What’s the big idea?
Shooting 16 trillion glass discs into space. It sounds like a giant disco ball, but it’s actually supposed to create a 100,000-kilometre-wide sunshade to protect the earth from a significant proportion of the sun’s rays, thus reducing the climate-heating effects of greenhouse-gas emissions.
How would it work?
An electromagnetic launcher would catapult into space a squadron of free-flying discs or “flyers”, each made of thin, transparent sheeting and weighing less than one gram. To fire them all up there, 20 different launchers would need to set off rockets, each containing 800,000 flyers, every five minutes for 10 years. On reaching their destination – the L1 orbit, which is 1.5 million kilometres from earth – the flyers would be released and disperse themselves into positions perpendicular to the sun. This shield would then shade the earth by deflecting the sun’s rays before it reached the earth’s atmosphere. The space-shade’s main proponent, British astronomer Roger Angel, has calculated that by blocking just 2% of these rays, it should be possible to cancel out the heating effect of doubling atmospheric carbon dioxide.
Unsurprisingly, the scheme would not come cheap. On top of the tens of trillions of dollars it would cost to create the shade in space, there would be hefty yearly maintenance costs of around US$100 billion. Once in place, each flyer would last around 50 years.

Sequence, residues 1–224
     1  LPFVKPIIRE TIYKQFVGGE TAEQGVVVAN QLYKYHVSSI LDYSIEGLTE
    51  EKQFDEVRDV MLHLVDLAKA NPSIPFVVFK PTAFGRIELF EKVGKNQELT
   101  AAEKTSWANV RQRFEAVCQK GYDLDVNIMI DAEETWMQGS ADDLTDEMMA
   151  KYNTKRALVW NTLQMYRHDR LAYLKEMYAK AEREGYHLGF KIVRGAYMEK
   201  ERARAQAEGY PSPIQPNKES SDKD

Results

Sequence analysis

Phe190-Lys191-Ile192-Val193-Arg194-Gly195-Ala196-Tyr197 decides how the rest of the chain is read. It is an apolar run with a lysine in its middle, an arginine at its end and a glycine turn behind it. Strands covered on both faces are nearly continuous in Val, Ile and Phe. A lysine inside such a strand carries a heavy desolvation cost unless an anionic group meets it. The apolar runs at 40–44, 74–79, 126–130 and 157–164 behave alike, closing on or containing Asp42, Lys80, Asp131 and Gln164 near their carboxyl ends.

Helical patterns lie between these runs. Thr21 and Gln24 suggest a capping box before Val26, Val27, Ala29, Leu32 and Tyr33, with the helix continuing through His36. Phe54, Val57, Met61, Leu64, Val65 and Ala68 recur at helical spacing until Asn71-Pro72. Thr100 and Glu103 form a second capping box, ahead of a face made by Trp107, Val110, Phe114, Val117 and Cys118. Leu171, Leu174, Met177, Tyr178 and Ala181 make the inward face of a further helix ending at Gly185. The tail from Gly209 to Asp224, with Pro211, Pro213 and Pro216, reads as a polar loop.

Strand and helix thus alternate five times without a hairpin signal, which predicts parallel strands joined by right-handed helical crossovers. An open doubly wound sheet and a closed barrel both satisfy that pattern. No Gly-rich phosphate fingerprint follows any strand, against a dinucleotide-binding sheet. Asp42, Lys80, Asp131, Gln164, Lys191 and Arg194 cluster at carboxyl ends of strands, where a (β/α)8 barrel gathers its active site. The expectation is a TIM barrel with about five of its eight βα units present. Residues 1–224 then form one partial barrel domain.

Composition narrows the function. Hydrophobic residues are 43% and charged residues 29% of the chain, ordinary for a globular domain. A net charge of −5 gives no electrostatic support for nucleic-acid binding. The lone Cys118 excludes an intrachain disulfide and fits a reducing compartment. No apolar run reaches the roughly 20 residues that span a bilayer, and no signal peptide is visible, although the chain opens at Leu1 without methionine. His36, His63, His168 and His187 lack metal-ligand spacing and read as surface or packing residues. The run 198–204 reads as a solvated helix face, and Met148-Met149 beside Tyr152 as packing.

What are the risks?
If the effects of global warming were lessened in this manner, some fear that humans would not reduce greenhouse-gas emissions, but instead continue to build up the shade to cover greater portions of the earth, making the project even more expensive and extravagant. The scheme could also damage the solar energy industry, and there are concerns about the dangers of flyers re-entering the earth’s atmosphere.
Unlike other geoengineering schemes, this proposal would not interfere with atmospheric or ocean compositions, posing less of a threat to ecosystems. It may even carry the beneficial side-effects of improving crop yields and reducing the risks of skin-cancer. However, the biggest threat from this costly scheme might be that it not only shades us from the sun, but also from the reality of our need to de-carbonise the world’s economies.
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